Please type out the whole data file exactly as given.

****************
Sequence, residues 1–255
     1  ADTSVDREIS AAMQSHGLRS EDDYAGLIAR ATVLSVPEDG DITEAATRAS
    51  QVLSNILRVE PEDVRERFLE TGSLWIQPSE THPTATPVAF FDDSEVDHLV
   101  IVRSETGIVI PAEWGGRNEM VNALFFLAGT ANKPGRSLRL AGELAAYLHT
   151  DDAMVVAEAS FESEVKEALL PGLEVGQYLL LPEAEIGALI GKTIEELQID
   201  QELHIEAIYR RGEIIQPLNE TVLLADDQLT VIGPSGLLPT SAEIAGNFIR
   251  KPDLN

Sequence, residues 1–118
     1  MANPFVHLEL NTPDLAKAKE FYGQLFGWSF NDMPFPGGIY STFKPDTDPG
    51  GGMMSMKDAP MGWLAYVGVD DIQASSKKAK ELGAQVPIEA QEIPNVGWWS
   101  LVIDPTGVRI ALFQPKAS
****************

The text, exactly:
Sequence, residues 1–255
     1  ADTSVDREIS AAMQSHGLRS EDDYAGLIAR ATVLSVPEDG DITEAATRAS
    51  QVLSNILRVE PEDVRERFLE TGSLWIQPSE THPTATPVAF FDDSEVDHLV
   101  IVRSETGIVI PAEWGGRNEM VNALFFLAGT ANKPGRSLRL AGELAAYLHT
   151  DDAMVVAEAS FESEVKEALL PGLEVGQYLL LPEAEIGALI GKTIEELQID
   201  QELHIEAIYR RGEIIQPLNE TVLLADDQLT VIGPSGLLPT SAEIAGNFIR
   251  KPDLN

Sequence, residues 1–118
     1  MANPFVHLEL NTPDLAKAKE FYGQLFGWSF NDMPFPGGIY STFKPDTDPG
    51  GGMMSMKDAP MGWLAYVGVD DIQASSKKAK ELGAQVPIEA QEIPNVGWWS
   101  LVIDPTGVRI ALFQPKAS